"You're never going to have 100 percent of people agreeing about a major transportation decision like this," Weinberger added.
The earliest the city could start construction is 2018, Burlington officials say. It would cost an estimated $30 million on top of the $8 million spent since 1998, and the millions more that went into planning, design, property acquisition and legal expenses before that.
In advance of construction, the city needs to acquire temporary and permanent rights of way to at least 26 parcels along the proposed pathway, according to Chapin Spencer, director of public works.
While some of the easements will likely be minor, it's possible that landowners could balk at ceding even small rights of way and force the city into more legal battles to take the land through condemnation.
Everyone seems to agree that current traffic on Pine Street, especially at the intersection with Maple Street, is a mess. About 16,000 cars a day travel the corridor. The parkway would take some traffic off the southern end of Pine, but add an estimated 1,800 cars to the congested stretch between Lakeside Avenue and Maple, where cars back up for blocks to get through the four-way stop. Some trucks can't manage to turn east or west at that intersection.
The prospect of more cars being funneled into this dysfunctional junction is one of the major criticisms of the parkway. Weinberger and Spencer say new traffic signals would improve the Maple-Pine clog.
The duo also hopes that in the long term the city will build a short road that would jog west from Pine near Kilburn Street, cut behind old industrial buildings on South Champlain Street and run along railroad tracks to connect to the south end of Battery Street — allowing a bypass to the Maple-Pine junction.
But that would require a separate permit process, many studies and possible hurdles involving soil contamination in the Burlington rail yard.
Critics wonder what the parkway will accomplish.
"I think there are ways to improve traffic flow without building the highway," said Marc Leone, who has a front-row seat to the problem from the business he co-owns, Sterling Hardwoods, at 422 Pine Street. Rush-hour traffic backs up a halfmile or more every day, he said.
Had the parkway been built 30 years ago, it would have been useful, but now the city has grown up around the route, and it's going to hurt more neighborhoods than it helps, according to Leone. "I just don't trust them to fix the problem and add more vehicles at the same time," he said.
It would be great to get more people out of their cars, Leone said, and he's heartened to see more people walking, riding bicycles and even jogging to work outside his shop door.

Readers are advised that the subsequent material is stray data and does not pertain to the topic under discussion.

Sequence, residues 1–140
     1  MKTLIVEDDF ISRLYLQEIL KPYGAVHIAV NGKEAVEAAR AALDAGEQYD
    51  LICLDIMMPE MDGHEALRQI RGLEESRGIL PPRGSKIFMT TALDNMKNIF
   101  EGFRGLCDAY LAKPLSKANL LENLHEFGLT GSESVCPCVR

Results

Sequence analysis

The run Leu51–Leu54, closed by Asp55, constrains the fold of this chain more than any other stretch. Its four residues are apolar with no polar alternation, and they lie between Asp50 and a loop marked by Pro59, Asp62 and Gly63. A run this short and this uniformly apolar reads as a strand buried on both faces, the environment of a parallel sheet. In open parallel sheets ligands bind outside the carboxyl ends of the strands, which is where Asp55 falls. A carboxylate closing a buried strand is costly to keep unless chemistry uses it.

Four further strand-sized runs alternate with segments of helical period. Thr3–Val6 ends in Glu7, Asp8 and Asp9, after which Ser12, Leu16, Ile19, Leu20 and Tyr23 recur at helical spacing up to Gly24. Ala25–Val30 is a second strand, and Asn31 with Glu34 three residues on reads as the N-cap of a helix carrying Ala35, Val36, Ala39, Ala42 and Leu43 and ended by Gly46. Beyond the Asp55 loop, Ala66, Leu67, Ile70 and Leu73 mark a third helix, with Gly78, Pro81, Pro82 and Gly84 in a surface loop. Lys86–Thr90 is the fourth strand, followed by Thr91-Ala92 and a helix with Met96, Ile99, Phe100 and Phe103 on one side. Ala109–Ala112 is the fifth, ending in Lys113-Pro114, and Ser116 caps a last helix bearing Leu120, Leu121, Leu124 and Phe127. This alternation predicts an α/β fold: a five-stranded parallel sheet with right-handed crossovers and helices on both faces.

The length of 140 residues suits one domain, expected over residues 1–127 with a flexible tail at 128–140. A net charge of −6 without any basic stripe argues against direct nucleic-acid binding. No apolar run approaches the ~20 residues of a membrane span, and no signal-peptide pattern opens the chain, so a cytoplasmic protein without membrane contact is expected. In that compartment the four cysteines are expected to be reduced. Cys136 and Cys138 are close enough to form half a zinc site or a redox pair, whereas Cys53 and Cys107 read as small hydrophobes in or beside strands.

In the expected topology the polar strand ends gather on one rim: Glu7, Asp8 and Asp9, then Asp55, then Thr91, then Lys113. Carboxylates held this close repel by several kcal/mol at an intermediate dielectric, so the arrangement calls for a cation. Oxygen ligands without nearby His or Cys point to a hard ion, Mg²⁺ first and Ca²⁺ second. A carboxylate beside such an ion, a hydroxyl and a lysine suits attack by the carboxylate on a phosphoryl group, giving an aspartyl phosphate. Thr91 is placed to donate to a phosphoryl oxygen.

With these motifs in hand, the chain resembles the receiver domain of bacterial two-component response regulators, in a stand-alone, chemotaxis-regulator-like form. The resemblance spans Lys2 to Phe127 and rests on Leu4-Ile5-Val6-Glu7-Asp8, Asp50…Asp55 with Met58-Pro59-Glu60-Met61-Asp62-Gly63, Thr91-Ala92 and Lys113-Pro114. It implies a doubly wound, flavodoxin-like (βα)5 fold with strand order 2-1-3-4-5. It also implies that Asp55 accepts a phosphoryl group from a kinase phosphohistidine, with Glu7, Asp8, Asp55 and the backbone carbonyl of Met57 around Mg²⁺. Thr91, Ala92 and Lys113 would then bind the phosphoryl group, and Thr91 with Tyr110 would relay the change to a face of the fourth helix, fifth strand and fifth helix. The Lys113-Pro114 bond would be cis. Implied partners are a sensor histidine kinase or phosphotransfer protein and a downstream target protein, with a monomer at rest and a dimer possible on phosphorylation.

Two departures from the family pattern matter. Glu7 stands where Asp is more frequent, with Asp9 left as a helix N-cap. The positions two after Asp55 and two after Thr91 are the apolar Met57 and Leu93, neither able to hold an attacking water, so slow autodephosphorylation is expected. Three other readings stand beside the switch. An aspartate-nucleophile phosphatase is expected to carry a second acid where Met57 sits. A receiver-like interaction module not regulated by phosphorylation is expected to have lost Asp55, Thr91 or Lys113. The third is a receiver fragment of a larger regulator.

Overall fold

Shortly before 8 a.m. last Friday, commuter traffic heading into the city's South End whined as cars and trucks exited from I-189 and made their way toward downtown on Shelburne Road, South Winooski, South Willard and Pine.
But it was quiet along the roughly paved portion of the parkway that is already built — off Home Avenue. It's a weirdly untraveled corridor in a bust-ling little city. Not a single vehicle was visible. Weeds poked through cracks.
Birds sang and poplars, maples, pines and sumac crowded the edge of the concrete. An abandoned mattress lay on the pavement, and bushy plants grew all over a median between the marked lanes. Stretches of handsome granite curbing ran along the unfinished road.
It took about 10 minutes for Spencer to walk from Queen City Park Road to where the pavement connects to I-189 and an eight-acre bowl-like area. If not used for the parkway, could this parcel host something else — such as new neighborhoods with houses, apartments, offices and stores?
Even if the city wanted to abandon the parkway and build something on the land, it would face hurdles, Spencer said. "This is not the city's land free and clear to do what it wants with it."
The parkway has been a state and federal project, and the city would have to repay the state an estimated $8 million, if not more, to reclaim the land for other uses, Spencer said.
That's a lot more than the estimated $600,000 the city has to kick in to see the $30 million parkway completed. The federal government is on the hook to cover the vast majority; the State of Vermont, the rest.
Spencer, meanwhile, insists the parkway has merit. It will be a low-speed artery with well-designed crossings and room for bicyclists and pedestrians when it's built, said the former full-time advocate of alternative transportation. "We are continually working to evolve this design and make it a street that fits into the character of the South End," he said.
Skeptics are going to be surprised, Spencer suggested. He thinks the parkway will be built.
"People are always saying it's not going to happen," Spencer said. "Well, we are closer than we've ever been, and there is a path to construction at this point."